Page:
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Up East Dallas Without a Paddle

Very mixed feelings about the city council briefing coming up this morning on proposed East Dallas storm-water projects. On the one hand, my paranoia is confirmed, which is always satisfying. On the other hand, there's not much I can do about it.

Yes, just as I thought, my house in East Dallas -- two miles from White Rock Lake and four miles from the Trinity River -- is subject to flooding, according to the graphics being shown to the council today.

I figured that out years ago. I have my own system of hydrological engineering assessment. During torrential rains I stand in my front yard and count the commercial dumpsters floating down my street.

A three-dumpster flood is serious. It means I have to hide in my house in case people outside start asking to be rescued. Damned whiners, always holding on to trees shouting, "Help! Help!" like I'm, what, Michael Phelps?

Anyway, the graphics for today's briefing show my end of my block as being subject to flood waters four- to six-feet deep during what they call a "standard project" flood or "100-year" flood.

Please don't ask me what any of that shit means. It means three-dumpster floods to me. In my experience, three-dumpster floods happen every five or six years.

The briefing today explains why they happen: "Undersized local drainage systems result in flows that back up along the surface streets."

Translation: Storm water pipes are too old, too small, clogged, can't handle the water. The briefing says what happens because of it: "The streets in these areas look like rivers." No translation needed.

So why does that make me paranoid? What, do I think the rain is aimed specifically at me? Let's discuss that another time. I have some things that might surprise you. But for now, no, that's not what makes me paranoid. Not the only thing, anyway. What makes me paranoid is that the solutions being proposed today at a cost of hundreds of millions of dollars -- solutions we have awaited with bated breath in my neighborhood -- will do nothing for us. Zip.

The Peaks Branch and Mill Creek storm-water project being proposed today will help the Baylor Medical Center and the Victory development around the American Airlines Center. But they won't do anything for the residential areas north of Baylor extending up through Old East Dallas to Mockingbird Lane and Greenville Avenue.

Those neighborhoods, according to the briefing, will have to wait for "future bond programs." But wait. The Mill Creek and Peaks Branch proposals are already dependent on a future bond program. So I guess my own neighborhood will have to wait for a future-after-the-future bond program.

It just worsens my sense of impending Third Worldliness. We'll all be living under bridges by then earning our livings weaving trinkets out of straw to sell to rich Mexicans.

I called Assistant City Manager Jill Jordan to ask why the areas closer to the river are getting the high-dollar flood-protection first, ahead of my area. She said, "With drainage, the normal approach is that you start at the downstream end and work your way up."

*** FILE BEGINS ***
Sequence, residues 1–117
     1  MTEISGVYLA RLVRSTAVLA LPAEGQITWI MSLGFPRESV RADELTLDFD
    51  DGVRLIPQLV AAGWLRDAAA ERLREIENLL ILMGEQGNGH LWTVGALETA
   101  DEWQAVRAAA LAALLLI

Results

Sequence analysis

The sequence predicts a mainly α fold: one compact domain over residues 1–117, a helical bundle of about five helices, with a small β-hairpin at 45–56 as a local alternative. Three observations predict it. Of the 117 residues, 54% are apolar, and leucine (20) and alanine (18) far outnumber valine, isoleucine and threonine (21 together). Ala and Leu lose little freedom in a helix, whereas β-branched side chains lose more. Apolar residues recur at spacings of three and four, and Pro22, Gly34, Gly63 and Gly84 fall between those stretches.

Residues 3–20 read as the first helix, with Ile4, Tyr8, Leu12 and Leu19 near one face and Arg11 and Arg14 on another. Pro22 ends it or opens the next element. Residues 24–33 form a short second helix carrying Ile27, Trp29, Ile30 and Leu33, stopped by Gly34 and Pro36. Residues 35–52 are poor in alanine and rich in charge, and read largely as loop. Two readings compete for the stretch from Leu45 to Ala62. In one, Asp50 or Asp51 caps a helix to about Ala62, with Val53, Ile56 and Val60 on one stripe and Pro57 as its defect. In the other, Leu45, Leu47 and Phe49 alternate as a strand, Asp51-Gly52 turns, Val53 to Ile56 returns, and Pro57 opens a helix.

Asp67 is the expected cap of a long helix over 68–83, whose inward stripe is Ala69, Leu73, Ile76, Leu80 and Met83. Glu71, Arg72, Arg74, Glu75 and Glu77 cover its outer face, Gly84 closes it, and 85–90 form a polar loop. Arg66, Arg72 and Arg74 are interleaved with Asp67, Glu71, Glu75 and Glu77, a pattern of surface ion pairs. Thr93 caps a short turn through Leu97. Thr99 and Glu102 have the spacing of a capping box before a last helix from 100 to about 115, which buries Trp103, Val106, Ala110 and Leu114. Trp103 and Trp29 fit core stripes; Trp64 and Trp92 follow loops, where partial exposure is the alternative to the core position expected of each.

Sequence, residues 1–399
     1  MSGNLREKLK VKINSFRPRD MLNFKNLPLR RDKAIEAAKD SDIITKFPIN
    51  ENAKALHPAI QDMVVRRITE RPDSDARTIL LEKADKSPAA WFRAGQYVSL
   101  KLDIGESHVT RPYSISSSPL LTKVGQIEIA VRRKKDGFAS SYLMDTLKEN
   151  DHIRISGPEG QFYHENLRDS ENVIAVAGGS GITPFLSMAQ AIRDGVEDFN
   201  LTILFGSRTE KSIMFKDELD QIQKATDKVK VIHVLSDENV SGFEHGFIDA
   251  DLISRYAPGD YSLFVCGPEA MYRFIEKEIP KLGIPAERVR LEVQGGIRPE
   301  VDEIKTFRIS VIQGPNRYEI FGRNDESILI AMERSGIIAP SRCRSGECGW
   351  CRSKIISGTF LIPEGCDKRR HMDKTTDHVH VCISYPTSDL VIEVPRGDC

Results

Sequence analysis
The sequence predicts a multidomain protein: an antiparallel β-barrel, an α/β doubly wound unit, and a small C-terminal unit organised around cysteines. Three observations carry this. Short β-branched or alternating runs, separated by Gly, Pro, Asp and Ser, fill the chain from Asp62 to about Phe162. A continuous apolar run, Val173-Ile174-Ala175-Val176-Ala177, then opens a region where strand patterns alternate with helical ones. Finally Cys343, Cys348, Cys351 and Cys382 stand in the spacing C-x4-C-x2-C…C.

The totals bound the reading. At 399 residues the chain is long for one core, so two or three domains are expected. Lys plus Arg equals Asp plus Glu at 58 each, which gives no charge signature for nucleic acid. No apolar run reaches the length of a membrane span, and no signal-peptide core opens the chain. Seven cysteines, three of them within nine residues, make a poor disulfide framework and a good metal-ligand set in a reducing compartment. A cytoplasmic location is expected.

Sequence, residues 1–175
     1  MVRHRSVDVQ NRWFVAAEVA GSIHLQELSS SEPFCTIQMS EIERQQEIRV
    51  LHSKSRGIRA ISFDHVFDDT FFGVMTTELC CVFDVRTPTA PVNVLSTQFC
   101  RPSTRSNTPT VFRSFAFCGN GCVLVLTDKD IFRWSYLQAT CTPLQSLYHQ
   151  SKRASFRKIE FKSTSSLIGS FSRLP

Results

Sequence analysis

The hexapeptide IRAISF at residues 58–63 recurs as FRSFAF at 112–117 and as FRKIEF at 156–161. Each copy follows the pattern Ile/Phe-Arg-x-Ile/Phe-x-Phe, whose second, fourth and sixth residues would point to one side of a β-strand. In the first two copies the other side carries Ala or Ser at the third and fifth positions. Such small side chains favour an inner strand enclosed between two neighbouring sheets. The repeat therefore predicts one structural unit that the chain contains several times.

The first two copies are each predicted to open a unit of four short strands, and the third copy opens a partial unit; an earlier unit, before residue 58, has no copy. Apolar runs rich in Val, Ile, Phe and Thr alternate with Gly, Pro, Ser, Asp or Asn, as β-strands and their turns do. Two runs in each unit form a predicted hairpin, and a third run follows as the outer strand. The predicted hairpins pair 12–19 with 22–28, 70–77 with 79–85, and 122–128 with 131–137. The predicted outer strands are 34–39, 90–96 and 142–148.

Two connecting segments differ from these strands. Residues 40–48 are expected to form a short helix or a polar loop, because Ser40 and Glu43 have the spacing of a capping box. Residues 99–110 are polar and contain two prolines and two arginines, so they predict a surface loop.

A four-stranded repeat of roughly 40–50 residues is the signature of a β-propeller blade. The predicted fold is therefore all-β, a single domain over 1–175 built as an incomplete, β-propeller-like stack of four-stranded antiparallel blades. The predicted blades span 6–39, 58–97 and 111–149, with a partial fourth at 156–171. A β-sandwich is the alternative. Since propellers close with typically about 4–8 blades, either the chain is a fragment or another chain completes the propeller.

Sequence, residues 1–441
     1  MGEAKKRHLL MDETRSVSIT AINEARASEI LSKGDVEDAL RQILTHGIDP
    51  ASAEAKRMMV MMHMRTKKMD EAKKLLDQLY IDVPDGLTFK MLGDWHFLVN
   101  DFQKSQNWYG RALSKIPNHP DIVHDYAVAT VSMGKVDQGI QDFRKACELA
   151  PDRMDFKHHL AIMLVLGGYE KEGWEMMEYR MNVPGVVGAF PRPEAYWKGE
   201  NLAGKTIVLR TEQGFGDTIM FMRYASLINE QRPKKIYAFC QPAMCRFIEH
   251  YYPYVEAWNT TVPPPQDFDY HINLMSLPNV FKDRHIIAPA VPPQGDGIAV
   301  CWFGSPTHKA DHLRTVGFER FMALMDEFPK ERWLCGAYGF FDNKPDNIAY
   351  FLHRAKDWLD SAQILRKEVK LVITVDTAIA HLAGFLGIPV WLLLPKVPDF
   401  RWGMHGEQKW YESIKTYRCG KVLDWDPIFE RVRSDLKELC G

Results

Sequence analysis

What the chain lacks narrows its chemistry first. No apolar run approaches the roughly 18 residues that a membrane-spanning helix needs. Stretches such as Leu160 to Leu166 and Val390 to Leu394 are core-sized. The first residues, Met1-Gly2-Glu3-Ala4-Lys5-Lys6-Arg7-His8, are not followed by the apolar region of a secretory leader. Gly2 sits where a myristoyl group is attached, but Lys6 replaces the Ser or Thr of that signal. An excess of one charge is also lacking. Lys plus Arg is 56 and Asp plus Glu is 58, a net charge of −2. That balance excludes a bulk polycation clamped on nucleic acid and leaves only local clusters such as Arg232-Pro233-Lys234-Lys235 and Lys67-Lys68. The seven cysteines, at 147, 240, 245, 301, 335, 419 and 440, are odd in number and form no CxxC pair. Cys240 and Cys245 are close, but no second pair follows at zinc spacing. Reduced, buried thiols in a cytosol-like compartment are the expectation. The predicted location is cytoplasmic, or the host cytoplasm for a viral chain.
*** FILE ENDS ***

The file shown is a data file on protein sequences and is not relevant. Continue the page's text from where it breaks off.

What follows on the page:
I can sort of see that. They can't give us huge new storm water pipes first at the upstream end and then just blast all that water straight into Baylor Hospital and Victory. It would be wrong to do that to the hospital, because they have sick people there. Victory we could talk about.

But it is what it is. This kind of issue is going to pop up in all of the older parts of town. It's not related to the Trinity River levees, and it is related. This is about flooding from storm sewers, not the river. But today's briefing represents an interesting change in thinking from a 2006 plan that would have routed storm water from the State-Thomas area straight to the river.

Under the new plan, they're going to push State-Thomas' water the other direction, to White Rock Creek, to avoid touching the Trinity River levee system or dealing with the U.S. Army Corps of Engineers. That shows how touchy the whole levee safety issue has become.

The briefing just barely touches on another note that actually goes straight to the core of local dogma about real estate development. The briefing says the State-Thomas area just north of downtown needs $59 million in new storm-sewer work.

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"Redevelopment over the years in the State-Thomas area has exceeded the capacity of local drainage systems and the existing Woodall Rodgers pressure sewer," the briefing says.

The mantra of City Hall has always been that all new development is good for the city because it "grows the tax base," but nobody ever puts a sharp pencil to the costs. Storm water is only one such cost. Nobody ever adds up the money given away in tax incentives and the cost to provide other kinds of infrastructure from fire stations to schools.

Those costs come along down the road, like this one, and the taxpayer is expected to eat them. Nobody ever knows what the bottom line is. Nobody even asks.

Let's talk later about the rain being aimed specifically at me. All I ask is that you keep an open mind. And a hat on.

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